1. We admit that we are powerless over publishers, and that our careers have become completely unmanageable.

This has a peculiar sharpness right now as I have a story that has been received at ANALOG since June. I’m at 129 days since that reception – beyond the number at which they recommend we inquire. I did THAT several days ago and I haven’t heard since. DUOTROPE gives the range of response times between 5 minutes and 231 days – though the average for a rejection is 23 days and the average for an acceptance is 95 days.

As I know I am powerless to sway editors, it makes it all the more difficult that former editor Stan Schmidt (who accepted the three stories I’ve had published in ANALOG) retired a few weeks ago and managing editor Trevor Qachri has ascended the throne. The question now is: does he like my writing enough to buy the piece or not? It helps when I remember that its premise is likely to be controversial.

I’d submitted HEIRS OF THE SHATTERED SPHERES: EMERALD OF EARTH to Andrew Hartwell, editor at HarperCollins Children’s Book in October of 2011. Not having heard anything by March 27 the following year, I sent a query at which time he said he’d get to it soon. I heard from him on July 20, 2012 – FOUR DAYS after my new agent, Karen Grencik (Red Fox Literary) emailed him about it.

It’s a good thing for me that my writing has not become a career. My career is teaching with a slight change of venue recently to become a school counselor. But I’d like my career to be as a writer. At least my second career as I contemplate retirement.

All right, I know now that I am helpless when it comes to editors. So what does the Twelve Step plan say for writers?

The “real 12 steps” of AA (which have been adapted to help people addicted to dozens of evils) reads “We admitted we were powerless over alcohol - that our lives had become unmanageable.”
In terms of the Writer’s 12 Steps?

This means that the first step is the biggest step. The intent here is to break through a writer’s denial that editors have anything to do with their writing. It’s a decision to make a change, to see if the compulsion to have a writing career is detrimental.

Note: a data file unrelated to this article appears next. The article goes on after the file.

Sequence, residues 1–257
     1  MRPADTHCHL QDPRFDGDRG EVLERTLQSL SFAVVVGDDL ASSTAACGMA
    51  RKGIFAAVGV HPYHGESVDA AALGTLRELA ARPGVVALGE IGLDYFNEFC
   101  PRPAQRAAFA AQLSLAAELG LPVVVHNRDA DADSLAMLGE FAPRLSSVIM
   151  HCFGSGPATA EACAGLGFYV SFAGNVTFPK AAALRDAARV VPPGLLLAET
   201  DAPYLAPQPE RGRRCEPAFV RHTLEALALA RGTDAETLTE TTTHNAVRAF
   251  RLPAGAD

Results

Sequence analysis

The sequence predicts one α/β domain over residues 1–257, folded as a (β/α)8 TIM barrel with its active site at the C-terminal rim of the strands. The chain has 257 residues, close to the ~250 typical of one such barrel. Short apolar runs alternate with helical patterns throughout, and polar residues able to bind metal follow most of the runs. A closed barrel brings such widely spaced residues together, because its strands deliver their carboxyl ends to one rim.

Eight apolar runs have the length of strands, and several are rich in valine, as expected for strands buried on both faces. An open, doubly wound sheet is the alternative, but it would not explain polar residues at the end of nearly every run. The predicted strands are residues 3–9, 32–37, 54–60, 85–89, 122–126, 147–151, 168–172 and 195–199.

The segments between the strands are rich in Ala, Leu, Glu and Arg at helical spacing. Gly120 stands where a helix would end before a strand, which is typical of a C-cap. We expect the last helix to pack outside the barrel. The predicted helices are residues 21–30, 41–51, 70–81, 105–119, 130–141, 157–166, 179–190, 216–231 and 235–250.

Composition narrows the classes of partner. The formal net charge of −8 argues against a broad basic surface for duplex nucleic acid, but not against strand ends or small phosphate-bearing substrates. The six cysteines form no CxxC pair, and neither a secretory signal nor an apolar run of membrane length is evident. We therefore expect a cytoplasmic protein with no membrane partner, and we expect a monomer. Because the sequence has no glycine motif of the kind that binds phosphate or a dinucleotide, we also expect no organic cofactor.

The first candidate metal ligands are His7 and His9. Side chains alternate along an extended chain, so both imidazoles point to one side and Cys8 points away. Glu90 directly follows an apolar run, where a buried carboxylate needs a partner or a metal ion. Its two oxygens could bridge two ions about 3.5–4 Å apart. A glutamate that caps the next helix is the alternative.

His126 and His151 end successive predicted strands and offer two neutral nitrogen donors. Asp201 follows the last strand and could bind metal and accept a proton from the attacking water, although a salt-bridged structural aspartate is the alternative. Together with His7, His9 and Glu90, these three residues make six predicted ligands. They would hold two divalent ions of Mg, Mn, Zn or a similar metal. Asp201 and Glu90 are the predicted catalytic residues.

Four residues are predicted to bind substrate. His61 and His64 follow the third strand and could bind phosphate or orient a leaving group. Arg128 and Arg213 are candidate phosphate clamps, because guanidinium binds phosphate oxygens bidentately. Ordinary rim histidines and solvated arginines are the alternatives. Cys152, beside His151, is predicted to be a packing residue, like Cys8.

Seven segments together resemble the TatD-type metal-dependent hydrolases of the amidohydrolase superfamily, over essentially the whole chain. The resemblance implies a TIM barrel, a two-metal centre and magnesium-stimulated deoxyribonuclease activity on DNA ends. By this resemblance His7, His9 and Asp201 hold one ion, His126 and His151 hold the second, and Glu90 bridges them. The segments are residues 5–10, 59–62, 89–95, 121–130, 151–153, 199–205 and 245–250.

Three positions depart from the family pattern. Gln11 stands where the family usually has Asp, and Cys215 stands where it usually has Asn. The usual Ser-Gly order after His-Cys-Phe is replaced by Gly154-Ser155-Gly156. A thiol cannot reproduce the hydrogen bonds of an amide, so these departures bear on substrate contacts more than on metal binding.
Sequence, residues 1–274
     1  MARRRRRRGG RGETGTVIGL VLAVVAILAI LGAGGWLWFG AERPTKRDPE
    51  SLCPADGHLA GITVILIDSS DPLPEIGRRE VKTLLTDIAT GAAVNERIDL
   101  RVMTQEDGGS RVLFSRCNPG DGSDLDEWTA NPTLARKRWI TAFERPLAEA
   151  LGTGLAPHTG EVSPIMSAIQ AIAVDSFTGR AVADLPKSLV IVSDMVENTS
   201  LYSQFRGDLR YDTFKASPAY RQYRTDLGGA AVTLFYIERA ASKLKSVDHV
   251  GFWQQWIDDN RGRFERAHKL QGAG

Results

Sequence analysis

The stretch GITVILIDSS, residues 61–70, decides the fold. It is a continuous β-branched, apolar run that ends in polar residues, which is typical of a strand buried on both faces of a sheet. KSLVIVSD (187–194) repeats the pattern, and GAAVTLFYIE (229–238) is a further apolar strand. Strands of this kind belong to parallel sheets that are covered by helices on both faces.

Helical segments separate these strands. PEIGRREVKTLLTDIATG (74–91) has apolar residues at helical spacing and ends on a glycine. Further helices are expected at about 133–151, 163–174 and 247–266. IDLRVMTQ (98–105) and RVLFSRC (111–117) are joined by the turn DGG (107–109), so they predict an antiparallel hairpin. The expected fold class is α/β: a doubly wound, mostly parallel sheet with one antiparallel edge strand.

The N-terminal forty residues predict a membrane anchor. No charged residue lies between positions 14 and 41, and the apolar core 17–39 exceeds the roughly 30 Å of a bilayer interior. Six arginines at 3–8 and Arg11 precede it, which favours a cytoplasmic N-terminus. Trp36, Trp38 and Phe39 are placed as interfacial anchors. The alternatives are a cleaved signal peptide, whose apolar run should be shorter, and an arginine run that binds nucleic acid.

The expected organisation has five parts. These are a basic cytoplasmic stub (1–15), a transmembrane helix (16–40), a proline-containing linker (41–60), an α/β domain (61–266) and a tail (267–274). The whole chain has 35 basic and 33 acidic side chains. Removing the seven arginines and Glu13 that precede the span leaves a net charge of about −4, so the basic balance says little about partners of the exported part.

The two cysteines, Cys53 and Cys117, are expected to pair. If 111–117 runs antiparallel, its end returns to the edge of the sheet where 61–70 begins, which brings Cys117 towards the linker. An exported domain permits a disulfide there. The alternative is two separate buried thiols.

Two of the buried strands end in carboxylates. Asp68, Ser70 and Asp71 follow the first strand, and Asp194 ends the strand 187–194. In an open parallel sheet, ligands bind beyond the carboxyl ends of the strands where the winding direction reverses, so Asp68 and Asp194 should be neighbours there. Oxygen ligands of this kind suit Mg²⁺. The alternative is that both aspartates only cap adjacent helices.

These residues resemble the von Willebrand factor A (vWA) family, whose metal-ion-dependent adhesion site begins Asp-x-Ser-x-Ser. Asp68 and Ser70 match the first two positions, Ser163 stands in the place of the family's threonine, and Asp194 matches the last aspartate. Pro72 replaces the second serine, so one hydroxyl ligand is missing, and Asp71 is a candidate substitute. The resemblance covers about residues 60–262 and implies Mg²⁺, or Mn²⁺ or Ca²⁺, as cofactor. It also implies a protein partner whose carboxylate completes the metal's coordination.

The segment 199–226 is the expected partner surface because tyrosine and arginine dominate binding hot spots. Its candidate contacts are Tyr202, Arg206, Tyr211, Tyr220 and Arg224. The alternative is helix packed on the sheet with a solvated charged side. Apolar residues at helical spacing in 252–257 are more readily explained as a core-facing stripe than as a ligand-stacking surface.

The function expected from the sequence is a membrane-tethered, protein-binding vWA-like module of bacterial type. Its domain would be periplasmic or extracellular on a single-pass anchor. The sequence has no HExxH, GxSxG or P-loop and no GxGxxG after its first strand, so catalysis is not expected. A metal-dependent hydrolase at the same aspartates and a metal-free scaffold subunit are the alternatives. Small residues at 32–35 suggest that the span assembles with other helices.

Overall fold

“We admitted” is a declaration, an acceptance of our condition as writers. It’s a realization that we need help, and it implies that we are now pursuing a solution, a life-changing surrender, our biggest admission to the world. And surprisingly enough, this step can keep us in reality all by itself. A writer who fully internalizes the first step is well protected against that consistent belief that THEY are in control.

This is an argument against a writer’s typical line of insane thinking: that all I have to do is write a really fabulous book and it will get published. Once we DO get published despite the odds, our devious minds can be planning a full scale return to the belief that all we have to do is write…It’s this line of thinking that shows us the unmanageability in our lives that even if we are clean for a period of time, both our obsessive and our compulsive nature leave us no way to manipulate or wiggle our way out of a relapse.

The first step is our greatest defense against relapse, because it clearly reminds us of what we are inviting back into our lives if we choose to think we are in control again.

While I may be reading WAY more into Bruce’s humorous piece, there is more than a grain of truth here as I continue to write and continue to send my stuff to editors.

Does any of this resonate with your condition?

October 25, 2012


On a well-settled Mars, the five major city Council regimes struggle to meld into a stable, working government. Embracing an official United Faith in Humanity, the Councils are teetering on the verge of pogrom directed against Christians, Molesters , Jews, Rapists, Buddhists, Murderers, Muslims, Thieves, Hindu, Embezzlers and Artificial Humans – anyone who threatens the official Faith and the consolidating power of the Councils. It makes good sense, right – get rid of religion and Human divisiveness on a societal level will disappear? An instrument of such a pogrom might just be a Roman holiday...To see the rest of the chapters  and I’m sorry, but a number of them got deleted from the blog – go to SCIENCE FICTION: Martian Holiday on the right and scroll to the bottom for the first story. If you’d like to read it from beginning to end (23,000 words as of now), drop me a line and I’ll send you the unedited version.

Stepan and QuinnAH – a blue, Artificial Human street urchin abandoned on the Rim –  slid down a filthy metal tunnel that angled into the Martian crust. Before Stefan could protest, the boy twisted in the tunnel and grabbed Stepan’s wrist, dragging him headfirst into the hole.